Israel’s Air & Missile Forces Could Wipe out Iran’s Nuclear Sites
The detailed report compiled by the Center for Strategic & International Studies (CSIS) in Washington last month, complete with graphs and diagrams, has been reprinted in thousands of copies in Tehran. It is compulsory reading for its intelligence and Revolutionary Guards personnel because the Study on a Possible Israeli Strike on Iran’s Nuclear Development Facilities concludes that the Jewish state has all the resources necessary for a successful strike.
When asked recently, Adm. Mike Mullen, Chairman of the Joint US Chiefs of Staff, agreed with this estimate. This week, president Shimon Peres and prime minister Binyamin Netanyahu both said that if diplomacy failed to halt Iran’s nuclear activities, Israel would be left with no option other than the military one. And Tuesday, April 14, the New York Times quoted an Israeli official as saying that Jerusalem would give the Obama administration until late 2009 to stop Iran’s uranium enrichment projects; after that, Israel will be forced to act.
Tehran responded with a complaint to the UN Security Council demanding that Israel be condemned for “its threats against a sovereign state.”
For the past three years, US military and intelligence sources have used attributed and leaked assessments to the American media to emphasize that such an operation is beyond Israel’s capabilities because of the nuclear facilities’ wide distribution across Iran. At best, they maintained, the Israeli Air Force might knock out a few Iranian nuclear installations, but only enough to put Iran’s nuclear drive temporarily on hold.
The CSIS paper refutes this assessment and maintains there is no need to destroy dozens or hundreds of sites; the destruction of seven to nine targets would be enough to cripple the Iranian program, and lists them as follows:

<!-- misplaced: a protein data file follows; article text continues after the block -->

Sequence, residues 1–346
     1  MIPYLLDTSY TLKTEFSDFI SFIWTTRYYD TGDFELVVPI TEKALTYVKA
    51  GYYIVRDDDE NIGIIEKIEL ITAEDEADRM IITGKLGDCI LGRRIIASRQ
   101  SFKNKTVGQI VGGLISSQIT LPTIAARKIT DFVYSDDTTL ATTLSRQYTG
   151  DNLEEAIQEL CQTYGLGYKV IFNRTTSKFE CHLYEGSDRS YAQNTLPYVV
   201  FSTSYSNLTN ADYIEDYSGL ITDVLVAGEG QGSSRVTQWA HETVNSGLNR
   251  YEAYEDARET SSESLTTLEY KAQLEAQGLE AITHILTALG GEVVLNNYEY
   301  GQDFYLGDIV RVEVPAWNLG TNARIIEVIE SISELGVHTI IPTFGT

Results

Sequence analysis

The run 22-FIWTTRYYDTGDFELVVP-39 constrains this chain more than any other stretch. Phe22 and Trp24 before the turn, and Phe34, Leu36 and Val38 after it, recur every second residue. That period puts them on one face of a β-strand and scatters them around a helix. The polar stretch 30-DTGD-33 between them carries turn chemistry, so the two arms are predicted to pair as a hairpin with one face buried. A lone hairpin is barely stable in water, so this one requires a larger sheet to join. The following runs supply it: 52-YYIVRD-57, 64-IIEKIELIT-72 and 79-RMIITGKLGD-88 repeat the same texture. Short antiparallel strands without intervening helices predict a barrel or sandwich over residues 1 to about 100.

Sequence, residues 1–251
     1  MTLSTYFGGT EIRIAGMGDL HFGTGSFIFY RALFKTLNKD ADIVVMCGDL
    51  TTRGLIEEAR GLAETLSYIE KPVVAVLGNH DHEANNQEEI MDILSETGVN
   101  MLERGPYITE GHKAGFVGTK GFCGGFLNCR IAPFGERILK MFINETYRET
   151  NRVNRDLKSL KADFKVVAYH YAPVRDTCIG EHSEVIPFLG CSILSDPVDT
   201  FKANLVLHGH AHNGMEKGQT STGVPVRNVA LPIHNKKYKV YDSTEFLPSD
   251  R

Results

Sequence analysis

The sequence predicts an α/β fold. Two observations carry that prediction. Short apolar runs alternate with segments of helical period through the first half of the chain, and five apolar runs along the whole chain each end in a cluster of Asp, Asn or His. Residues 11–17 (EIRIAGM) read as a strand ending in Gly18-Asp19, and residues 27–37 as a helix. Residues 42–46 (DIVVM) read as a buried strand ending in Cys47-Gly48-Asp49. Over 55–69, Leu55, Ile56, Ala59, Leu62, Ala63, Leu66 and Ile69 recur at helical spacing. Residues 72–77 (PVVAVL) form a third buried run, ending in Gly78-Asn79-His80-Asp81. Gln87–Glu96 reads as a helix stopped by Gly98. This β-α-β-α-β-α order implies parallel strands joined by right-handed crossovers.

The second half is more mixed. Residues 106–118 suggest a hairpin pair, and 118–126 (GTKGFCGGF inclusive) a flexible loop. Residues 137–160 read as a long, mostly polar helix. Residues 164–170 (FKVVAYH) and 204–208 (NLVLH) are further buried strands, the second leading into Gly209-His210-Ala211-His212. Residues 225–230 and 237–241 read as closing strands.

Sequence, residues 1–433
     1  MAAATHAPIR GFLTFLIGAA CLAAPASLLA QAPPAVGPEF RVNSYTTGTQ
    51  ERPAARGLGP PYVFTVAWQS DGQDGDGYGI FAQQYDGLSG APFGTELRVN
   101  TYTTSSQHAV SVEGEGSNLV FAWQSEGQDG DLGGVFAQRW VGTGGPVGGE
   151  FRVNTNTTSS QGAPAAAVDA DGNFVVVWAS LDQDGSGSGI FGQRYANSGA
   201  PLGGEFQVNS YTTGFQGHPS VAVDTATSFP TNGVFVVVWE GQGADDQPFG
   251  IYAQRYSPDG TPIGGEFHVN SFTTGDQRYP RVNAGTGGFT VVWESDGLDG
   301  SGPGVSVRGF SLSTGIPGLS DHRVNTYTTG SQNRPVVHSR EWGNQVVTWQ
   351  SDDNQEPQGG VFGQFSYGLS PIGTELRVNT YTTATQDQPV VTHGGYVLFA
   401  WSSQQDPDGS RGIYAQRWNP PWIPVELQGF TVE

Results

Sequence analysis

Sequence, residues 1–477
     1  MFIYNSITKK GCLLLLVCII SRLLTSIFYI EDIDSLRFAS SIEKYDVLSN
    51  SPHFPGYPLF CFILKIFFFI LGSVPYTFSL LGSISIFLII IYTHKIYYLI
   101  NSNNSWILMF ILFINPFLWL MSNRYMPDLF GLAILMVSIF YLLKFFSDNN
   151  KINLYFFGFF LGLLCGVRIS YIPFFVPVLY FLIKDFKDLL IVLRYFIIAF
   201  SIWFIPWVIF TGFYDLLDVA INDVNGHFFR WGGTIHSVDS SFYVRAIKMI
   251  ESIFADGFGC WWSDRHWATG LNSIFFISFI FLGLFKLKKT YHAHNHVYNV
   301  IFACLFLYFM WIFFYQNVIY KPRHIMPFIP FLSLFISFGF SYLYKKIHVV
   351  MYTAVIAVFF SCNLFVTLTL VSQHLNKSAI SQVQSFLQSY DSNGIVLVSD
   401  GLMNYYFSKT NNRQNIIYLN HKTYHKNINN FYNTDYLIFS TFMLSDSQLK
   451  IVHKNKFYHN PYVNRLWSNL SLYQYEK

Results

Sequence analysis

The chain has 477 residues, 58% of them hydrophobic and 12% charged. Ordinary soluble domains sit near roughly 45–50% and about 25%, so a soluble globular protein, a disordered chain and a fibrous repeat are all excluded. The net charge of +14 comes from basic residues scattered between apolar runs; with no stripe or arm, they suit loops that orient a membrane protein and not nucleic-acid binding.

1. Lashkar A’bad, site of secret uranium enrichment plants in the north near the Turkish border.
2. Tehranb, for the central laboratory for developing atomic armaments as well as more uranium enrichment facilities.
3. Arak, in central Iran, where a heavy water plant is under construction to manufacture plutonium for weapons.
4. Isfahan, in central Iran, near which a small research reactor and a cluster of laboratories for uranium enrichment, centrifuges and weapons development, are situated.
5. Natanz, the main center for uranium enrichment.
6. Ardekan, at the southern tip of Iran, where more uranium enrichment facilities are located.
7. Saghand, Iran’s main uranium mining region.
8. Bushehr, on the Persian Gulf shore, Iran’s biggest nuclear reactor built by Russia.
9. Gachin, near the Strait of Hormuz, the site of more uranium mines and enrichment facilities.
Complicated tables set forth an array of technical details showing how many PG bombs Israeli Air Force F16I or F15F bomber-fighter planes can carry, how much fuel is needed to reach their Iranian targets, and at what stage of their return journey they would need to refuel.
This think tank finds Israel has enough aircraft as well as the necessary intelligence and electronic resources for the task – contrary to previous estimates.
The authors propose three attack routes for a potential Israeli operation against Iran: an eastern route over Saudi Arabia; a central route over Iraq, and a northern route over Turkey, Syria and northern Iraqi Kurdistan. They point to the third as Israel’s best option in view of the superiority of its electronic warfare (EW) capabilities.
This is the first time a detailed and accurate description of these capabilities, and a description of how they were put to use in the Israeli raid on the North Korean-built plutonium reactor in Dar az-Zawr, Syria, on September, 2007, has ever been published.